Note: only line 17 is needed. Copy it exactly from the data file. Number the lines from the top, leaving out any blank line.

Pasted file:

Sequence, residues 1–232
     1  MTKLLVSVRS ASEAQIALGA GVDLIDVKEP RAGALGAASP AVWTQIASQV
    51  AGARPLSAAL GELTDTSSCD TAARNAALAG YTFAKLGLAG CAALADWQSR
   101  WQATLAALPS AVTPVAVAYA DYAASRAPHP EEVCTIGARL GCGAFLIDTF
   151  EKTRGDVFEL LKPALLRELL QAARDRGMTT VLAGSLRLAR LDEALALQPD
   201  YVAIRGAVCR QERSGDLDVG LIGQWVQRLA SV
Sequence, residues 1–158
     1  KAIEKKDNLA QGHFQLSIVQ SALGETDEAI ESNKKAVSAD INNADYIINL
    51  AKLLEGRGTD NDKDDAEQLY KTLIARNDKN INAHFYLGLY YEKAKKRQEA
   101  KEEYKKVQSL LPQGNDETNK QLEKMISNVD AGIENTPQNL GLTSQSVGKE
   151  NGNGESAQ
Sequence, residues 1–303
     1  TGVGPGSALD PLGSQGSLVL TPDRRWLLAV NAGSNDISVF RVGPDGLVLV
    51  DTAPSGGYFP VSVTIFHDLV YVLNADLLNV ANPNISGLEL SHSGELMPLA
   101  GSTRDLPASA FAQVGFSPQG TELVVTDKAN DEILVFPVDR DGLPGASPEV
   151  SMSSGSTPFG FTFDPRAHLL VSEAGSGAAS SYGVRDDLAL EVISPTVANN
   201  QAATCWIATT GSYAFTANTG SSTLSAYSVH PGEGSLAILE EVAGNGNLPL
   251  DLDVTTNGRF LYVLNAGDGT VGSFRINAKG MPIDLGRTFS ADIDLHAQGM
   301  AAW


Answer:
   201  QAATCWIATT GSYAFTANTG SSTLSAYSVH PGEGSLAILE EVAGNGNLPL